In “The Final Three, Hunty,” we are left with The Final Three: Alaska, Roxxxy and Jinkx.
Following her elimination, Detox gets the last laugh by leaving notes for each Alaska and Roxxxy–not Jinkx. Sweet Roxxxy volunteers to draft a fake letter from the now-gone Detox to Jinkx: “Jinkx, you sent me home, you [redacted] hot [redacted] mess.” No, says Jinkx’s face. Roxxxy giggles.
This episode’s challenge is to film RuPaul’s music video, “The Beginning.” Candis Cayne, who has come up before in our class discussion, steps in as the choreographer to teach the contestants #chiffonography and #hairography. Of the three, Alaska struggles in this segment as she fails to nail the choreography. The girls then film a courtroom scene in which each girl has to portray three completely different characters. Jinkx stands out with her acting chops and her characters’ elaborate and extensive personal backgrounds.
Roxxxy falls short in her performance and backstage she states that she, again, has issues with comedy. She considers herself to be serious about drag and sees comedy while in drag to be poking fun at drag: “Drag continues to get insulted in this competition.” She also attacks her fellow contestants with vicious pageant-like mind games by belittling Jinkx’s work–being a drag queen isn’t merely an occupation, it is an identity. Roxxxy’s action then not only call into question the legitimacy of Jinkx’s work but also her identity as a human being.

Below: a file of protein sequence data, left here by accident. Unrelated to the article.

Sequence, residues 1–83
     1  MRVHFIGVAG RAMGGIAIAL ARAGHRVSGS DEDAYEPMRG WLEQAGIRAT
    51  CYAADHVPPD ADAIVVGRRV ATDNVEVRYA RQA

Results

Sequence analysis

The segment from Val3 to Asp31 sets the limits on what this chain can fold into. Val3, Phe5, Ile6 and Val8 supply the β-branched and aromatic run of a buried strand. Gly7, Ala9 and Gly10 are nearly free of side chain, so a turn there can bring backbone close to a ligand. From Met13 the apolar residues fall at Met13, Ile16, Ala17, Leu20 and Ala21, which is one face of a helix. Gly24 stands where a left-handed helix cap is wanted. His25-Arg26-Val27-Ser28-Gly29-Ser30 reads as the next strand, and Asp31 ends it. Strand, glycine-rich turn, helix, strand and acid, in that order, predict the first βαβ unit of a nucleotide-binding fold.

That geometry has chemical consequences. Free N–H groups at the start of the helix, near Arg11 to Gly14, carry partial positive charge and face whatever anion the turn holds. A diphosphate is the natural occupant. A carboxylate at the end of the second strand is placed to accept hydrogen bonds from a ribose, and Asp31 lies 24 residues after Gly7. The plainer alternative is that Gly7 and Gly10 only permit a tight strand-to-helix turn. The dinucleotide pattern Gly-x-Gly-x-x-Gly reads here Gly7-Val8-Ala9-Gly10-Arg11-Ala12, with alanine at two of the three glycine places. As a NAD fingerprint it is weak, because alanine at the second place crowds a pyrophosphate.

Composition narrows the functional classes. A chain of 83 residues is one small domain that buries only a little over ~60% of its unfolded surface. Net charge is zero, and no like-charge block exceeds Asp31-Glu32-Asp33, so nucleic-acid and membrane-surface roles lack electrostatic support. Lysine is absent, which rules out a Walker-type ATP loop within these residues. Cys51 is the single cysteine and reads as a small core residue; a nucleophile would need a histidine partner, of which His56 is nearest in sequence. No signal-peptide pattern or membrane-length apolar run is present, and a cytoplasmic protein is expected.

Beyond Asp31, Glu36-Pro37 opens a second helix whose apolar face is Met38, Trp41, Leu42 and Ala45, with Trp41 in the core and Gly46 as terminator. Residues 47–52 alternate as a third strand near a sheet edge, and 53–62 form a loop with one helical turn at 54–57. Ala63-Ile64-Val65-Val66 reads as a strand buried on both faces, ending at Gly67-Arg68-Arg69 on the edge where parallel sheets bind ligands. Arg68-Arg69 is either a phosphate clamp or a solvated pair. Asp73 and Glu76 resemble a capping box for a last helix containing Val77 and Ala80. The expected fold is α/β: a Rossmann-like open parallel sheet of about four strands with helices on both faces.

Camp is present throughout the episode: most notably, in the beginning when RuPaul explains the challenges for the week and emphasizes the “hung jury,” the meal between RuPaul and the contestants where RuPaul states, I hope you brought your appetite.” It would be interesting to examine how the campiness of the show affects the audience’s perception of drag culture.
The love-to-hate Roxxxy brings the drama again this week. Most of the episode was all. about. Roxxxy. In pointing out the flaws of her competitors during a one-on-one with Gloria Allred, she reminds us of the “boy drag” incident: “Alaska came out as a boy,” and continues, “This is a drag competition.”
During Roxxxy’s meal with RuPaul, Roxxxy talks about representing the big girls, “being a gay man and being thicker, it’s harder…” This concept is discussed in “Fat. Hairy. Sexy,” where Pyle and Klein explain that “Men whom the gay community considers beautiful (young, skinny, hairless) have an easier time navigating their social world.” Those who do not fall under those adjective are shunned from the “conventional gay spaces” (78). She states that she wants to be crowned superstar to set an example for the bigger girls out there–an excellent point considering that “media is the site where knowledge is produced” according to Joyrich. Roxxxy’s own acceptance on television would mean positive visibility.
However, in Roxxxy’s case, she’s not exactly a positive representation. In an intimate reveal Jinkx tells the panel about her history of being an outcast and the discovery of drag, “[I was] hurting at home; I was living on stage.” Roxxxy–not to be left out–jumps in by saying, “I love you.” Classic Roxxxy. This seems like a manipulation tactic appearing to be sympathetic in front of the judges and in the process distracting from Jinkx’s moment. I cannot deal with you Roxxxy.
The moment of truth: Roxxxy owned the choreography, Jinkx dominated the acting segment and Alaska (I almost forgot about you) defended herself the best. The three queens compete in the final lip-sync and the viewers are left to vote for America’s next drag superstar.